Georgia Institute of Technology researchers figure out how to produce Martian rocket fuel

October 27, 2021 |

In Georgia, researchers at the Georgia Institute of Technology have developed a concept that would make Martian rocket fuel, on Mars, that could be used to launch future astronauts back to Earth. 

The bioproduction process would use three resources native to the red planet: carbon dioxide, sunlight, and frozen water. It would also include transporting two microbes to Mars. The first would be cyanobacteria (algae), which would take CO2 from the Martian atmosphere and use sunlight to create sugars. An engineered E. coli, which would be shipped from Earth, would convert those sugars into a Mars-specific propellant for rockets and other propulsion devices. The Martian propellant, which is called 2,3-butanediol, is currently in existence, can be created by E. coli, and, on Earth, is used to make polymers for production of rubber.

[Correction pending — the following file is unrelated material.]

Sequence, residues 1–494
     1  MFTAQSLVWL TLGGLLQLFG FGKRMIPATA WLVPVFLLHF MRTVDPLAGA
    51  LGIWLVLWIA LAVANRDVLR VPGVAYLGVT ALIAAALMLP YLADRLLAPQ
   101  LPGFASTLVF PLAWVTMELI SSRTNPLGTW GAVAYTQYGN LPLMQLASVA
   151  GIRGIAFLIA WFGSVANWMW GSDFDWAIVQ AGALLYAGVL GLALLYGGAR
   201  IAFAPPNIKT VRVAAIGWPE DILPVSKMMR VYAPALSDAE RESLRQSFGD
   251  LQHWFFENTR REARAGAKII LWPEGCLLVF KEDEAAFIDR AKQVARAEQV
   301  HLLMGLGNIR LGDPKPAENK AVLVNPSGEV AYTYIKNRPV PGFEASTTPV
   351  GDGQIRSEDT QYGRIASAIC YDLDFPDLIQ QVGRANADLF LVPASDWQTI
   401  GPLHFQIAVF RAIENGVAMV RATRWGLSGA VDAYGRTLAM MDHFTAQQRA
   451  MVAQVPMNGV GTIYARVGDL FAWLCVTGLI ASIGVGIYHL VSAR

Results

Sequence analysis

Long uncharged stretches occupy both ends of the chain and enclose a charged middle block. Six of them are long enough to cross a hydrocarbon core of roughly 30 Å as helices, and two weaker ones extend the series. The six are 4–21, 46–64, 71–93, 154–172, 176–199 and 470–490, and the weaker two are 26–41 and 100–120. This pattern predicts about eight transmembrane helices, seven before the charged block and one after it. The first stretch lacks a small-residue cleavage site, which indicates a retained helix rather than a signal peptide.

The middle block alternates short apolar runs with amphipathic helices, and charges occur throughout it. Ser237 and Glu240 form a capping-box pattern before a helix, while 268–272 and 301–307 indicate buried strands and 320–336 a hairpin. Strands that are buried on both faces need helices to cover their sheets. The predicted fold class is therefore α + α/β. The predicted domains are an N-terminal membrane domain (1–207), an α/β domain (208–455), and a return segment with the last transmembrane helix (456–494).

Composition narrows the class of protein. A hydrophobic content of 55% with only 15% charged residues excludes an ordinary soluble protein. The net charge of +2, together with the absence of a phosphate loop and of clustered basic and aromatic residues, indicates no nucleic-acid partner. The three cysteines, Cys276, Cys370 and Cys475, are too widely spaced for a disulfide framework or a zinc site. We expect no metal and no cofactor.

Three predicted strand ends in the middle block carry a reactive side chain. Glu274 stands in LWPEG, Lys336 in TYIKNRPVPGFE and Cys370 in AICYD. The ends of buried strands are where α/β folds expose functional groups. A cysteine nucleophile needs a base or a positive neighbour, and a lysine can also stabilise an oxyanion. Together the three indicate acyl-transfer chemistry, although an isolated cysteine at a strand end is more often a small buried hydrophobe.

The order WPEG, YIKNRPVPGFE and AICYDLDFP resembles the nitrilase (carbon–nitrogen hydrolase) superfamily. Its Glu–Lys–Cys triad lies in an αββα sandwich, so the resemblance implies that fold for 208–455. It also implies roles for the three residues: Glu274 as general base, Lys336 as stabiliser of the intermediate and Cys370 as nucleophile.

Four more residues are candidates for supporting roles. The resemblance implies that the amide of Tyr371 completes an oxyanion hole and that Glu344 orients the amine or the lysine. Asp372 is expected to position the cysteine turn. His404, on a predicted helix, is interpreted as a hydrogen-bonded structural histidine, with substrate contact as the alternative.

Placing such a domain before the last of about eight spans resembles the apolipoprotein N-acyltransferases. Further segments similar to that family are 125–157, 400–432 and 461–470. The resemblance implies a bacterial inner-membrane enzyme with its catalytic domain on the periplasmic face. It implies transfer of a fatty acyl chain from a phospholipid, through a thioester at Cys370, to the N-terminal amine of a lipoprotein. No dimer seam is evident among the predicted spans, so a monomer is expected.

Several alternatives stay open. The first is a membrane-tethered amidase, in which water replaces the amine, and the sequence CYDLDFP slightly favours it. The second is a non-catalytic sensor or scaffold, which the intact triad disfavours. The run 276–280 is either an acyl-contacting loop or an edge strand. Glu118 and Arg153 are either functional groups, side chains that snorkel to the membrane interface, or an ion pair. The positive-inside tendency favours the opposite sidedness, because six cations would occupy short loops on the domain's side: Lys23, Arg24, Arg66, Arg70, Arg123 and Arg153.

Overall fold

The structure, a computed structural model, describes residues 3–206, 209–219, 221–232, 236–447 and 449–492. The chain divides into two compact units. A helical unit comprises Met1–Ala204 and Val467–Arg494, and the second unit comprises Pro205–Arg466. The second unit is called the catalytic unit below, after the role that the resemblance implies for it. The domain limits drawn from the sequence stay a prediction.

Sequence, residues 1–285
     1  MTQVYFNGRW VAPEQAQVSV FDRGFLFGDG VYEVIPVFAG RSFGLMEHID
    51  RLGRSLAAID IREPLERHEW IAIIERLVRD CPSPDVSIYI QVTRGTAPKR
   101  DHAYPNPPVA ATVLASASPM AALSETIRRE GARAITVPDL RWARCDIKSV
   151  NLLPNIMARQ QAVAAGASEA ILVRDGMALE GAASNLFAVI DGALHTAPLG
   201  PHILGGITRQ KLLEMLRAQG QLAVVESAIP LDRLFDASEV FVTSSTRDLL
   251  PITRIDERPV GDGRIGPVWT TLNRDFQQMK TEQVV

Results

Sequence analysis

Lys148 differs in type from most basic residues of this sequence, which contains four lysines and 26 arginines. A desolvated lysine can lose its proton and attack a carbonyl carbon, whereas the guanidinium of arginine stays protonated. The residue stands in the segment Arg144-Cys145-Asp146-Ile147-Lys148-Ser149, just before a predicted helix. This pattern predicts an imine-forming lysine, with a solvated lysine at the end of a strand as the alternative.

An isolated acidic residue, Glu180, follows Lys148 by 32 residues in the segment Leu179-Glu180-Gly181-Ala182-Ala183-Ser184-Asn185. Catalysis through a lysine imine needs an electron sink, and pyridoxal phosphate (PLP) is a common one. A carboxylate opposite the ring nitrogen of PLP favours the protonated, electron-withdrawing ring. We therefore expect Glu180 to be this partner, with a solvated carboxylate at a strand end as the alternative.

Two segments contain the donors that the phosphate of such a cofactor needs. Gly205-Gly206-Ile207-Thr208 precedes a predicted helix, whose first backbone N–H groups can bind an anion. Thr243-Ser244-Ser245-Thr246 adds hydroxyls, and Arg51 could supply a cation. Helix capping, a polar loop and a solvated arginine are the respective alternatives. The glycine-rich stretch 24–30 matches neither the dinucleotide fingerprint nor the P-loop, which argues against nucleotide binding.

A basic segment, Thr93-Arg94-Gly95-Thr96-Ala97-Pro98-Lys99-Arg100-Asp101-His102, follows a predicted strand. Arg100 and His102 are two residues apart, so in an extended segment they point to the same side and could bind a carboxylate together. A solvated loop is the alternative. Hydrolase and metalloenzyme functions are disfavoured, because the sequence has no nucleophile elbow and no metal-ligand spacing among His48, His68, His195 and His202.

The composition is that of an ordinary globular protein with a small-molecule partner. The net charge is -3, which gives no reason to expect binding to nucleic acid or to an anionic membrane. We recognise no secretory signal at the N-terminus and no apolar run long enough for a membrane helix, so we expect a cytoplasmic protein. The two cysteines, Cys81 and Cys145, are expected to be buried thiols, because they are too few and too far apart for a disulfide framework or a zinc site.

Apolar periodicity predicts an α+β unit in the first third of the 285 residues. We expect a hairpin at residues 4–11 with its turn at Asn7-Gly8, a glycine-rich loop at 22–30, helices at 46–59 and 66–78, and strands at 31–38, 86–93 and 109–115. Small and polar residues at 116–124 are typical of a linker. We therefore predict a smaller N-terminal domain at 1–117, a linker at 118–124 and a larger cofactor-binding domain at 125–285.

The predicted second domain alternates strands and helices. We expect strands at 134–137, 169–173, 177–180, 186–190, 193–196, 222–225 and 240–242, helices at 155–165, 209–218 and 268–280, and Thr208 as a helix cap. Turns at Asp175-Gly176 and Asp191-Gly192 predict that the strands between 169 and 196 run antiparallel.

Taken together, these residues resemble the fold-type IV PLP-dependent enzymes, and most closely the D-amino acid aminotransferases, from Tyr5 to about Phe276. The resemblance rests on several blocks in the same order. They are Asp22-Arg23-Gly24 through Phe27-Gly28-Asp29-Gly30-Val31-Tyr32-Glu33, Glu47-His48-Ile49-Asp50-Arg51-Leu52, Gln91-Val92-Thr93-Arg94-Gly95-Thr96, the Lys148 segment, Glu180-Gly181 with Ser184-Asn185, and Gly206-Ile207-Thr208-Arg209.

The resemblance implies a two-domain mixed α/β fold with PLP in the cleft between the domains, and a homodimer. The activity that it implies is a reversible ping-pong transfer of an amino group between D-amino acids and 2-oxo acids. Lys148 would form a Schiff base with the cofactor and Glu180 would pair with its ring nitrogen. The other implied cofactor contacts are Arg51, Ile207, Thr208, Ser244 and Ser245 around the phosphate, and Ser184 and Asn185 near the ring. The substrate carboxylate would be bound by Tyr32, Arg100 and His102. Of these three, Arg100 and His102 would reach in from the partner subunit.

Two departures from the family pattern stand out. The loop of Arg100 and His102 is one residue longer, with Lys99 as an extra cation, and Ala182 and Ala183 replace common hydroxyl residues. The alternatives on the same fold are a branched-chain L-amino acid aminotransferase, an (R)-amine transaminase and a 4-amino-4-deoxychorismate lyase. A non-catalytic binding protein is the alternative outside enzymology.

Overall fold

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Category: Research

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